Gene Therapy Firms Seek Clarity on FDA Exclusivity, Orphan Designations

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include the transfer system and manufacturing technology as “additional features” that could be differentiating factors for determining sameness.

BioMarin requested the FDA provide examples of the types of information, such as discovery data or nonclinical data, “that would inform FDA’s determination regarding whether the additional features (e.g., regulatory elements such as a different promoter) can contribute to the therapeutic effect such that the additional features may be considered to be principal molecular structural features.”

PUBLIC MEETINGS AND SHARED LEARNINGS

Given the limited experience to date in making orphan drug determinations in the gene therapy space, several comments emphasized the need for continuous learning and sharing of information by the FDA with sponsors.

“Regulatory discussions and certainly the science around gene therapy products are still evolving and there may not yet be sufficient information to understand all possible circumstance when gene therapies may be differentiated,” the Biotechnology Innovation Organization’s comments state. “Additionally, at present some factors that may ultimately result in substantially different clinical safety and efficacy profiles cannot or have not been measured. We thus emphasize the importance of FDA updating and engaging stakeholders as additional experience is gained.”

“Regulatory discussions and certainly the science around gene therapy products are still evolving and there may not yet be sufficient information to understand all possible circumstance when gene therapies may be differentiated.” – BIO
BIO recommends the agency conduct a public meeting and issue a discussion guide to collect additional stakeholder input to be considered for inclusion in a Q&A draft guidance. The discussion guide and Q&A draft guidance should address the FDA’s thinking on several questions, such as:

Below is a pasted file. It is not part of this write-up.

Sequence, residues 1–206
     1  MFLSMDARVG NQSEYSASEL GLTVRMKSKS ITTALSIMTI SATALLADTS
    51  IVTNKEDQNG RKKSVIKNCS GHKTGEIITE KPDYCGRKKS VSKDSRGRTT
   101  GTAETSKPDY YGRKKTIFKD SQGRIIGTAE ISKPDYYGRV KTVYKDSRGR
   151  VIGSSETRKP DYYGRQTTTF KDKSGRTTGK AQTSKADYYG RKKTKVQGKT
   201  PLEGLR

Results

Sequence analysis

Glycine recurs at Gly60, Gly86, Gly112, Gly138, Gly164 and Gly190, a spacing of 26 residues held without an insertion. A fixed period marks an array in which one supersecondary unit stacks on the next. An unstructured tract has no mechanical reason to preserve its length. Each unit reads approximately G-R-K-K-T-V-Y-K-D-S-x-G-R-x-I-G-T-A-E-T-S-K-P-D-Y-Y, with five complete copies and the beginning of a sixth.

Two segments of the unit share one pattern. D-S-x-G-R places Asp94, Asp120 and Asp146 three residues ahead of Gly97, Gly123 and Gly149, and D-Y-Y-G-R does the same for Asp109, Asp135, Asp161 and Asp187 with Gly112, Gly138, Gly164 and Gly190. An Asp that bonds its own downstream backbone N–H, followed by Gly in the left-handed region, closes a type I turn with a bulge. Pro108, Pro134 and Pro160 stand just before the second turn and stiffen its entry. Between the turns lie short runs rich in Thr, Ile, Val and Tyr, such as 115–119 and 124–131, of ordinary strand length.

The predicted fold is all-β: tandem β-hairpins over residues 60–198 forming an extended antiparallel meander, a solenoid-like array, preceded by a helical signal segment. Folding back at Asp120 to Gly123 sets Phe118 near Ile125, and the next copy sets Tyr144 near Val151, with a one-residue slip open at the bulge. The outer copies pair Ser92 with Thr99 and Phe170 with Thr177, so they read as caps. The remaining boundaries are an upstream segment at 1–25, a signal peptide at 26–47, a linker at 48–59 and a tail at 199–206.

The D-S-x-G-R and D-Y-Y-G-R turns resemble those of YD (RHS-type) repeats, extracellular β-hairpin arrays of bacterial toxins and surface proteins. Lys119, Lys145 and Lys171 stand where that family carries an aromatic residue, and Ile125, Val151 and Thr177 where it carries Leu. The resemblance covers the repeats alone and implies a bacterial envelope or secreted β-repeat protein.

—What does the FDA consider will constitute a “principal molecular structural feature” for the purpose of the gene therapy guidance?

—What factors would the FDA consider in “case-by-case” scenarios when two gene therapy products express the same transgene and use vectors in the same viral class?

—What does the FDA consider will constitute additional “regulatory elements” that may differentiate gene therapy products?

—How will the FDA consider other factors in their determination of sameness?

The Alliance for Regenerative Medicine said that once the agency feels it has enough experience, it should share its collective experience as general principles for why orphan drug designation or exclusivity is or is not granted.

“Based on FDA’s experience in adjudicating the sameness determinations, it would be helpful if the agency could provide additional information on relevant considerations,” ARM’s comments state. “These include, for example, unique considerations for the different types of gene therapy products to provide more clarity on a product type basis.”

Similarly, the National Organization for Rare Disorders said that as the science develops and the agency gains experience, it should share its thinking around additional features that do or do not contribute to sameness.

“NORD believes this draft guidance mostly strikes an appropriate balance and ensures regulatory flexibility in the future,” the group said. Nevertheless, additional guidance will be necessary on the meaning of “minor differences” in transgenes and vectors, as lack of clarity could affect how sponsors approach their development program and impact investments and innovation.

“As the agency gains more knowledge and experience, it will be critical for FDA to clearly communicate what constitutes minor differences, how it arrived at this determination, and the process for drug developers to glean this information in order to maximize the incentives afforded to them under the [Orphan Drug Act],” the advocacy group’s comments state.

“NORD suggests using approaches like an iterative guidance that is updated in a step-wise approach, like those utilized during the COVID-19 pandemic, a discussion guide, or a forum in which the agency could respond to stakeholder questions on sameness over time.”

Image: iStock/JHVEPhoto

This article was first published in the Pink Sheet on Sept. 2, 2020.

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Sue is a senior editor with Pink Sheet, where she writes primarily about drug, biologic and biosimilar regulation, FDA advisory committees and product approvals. Follow @PinkSheetSutter

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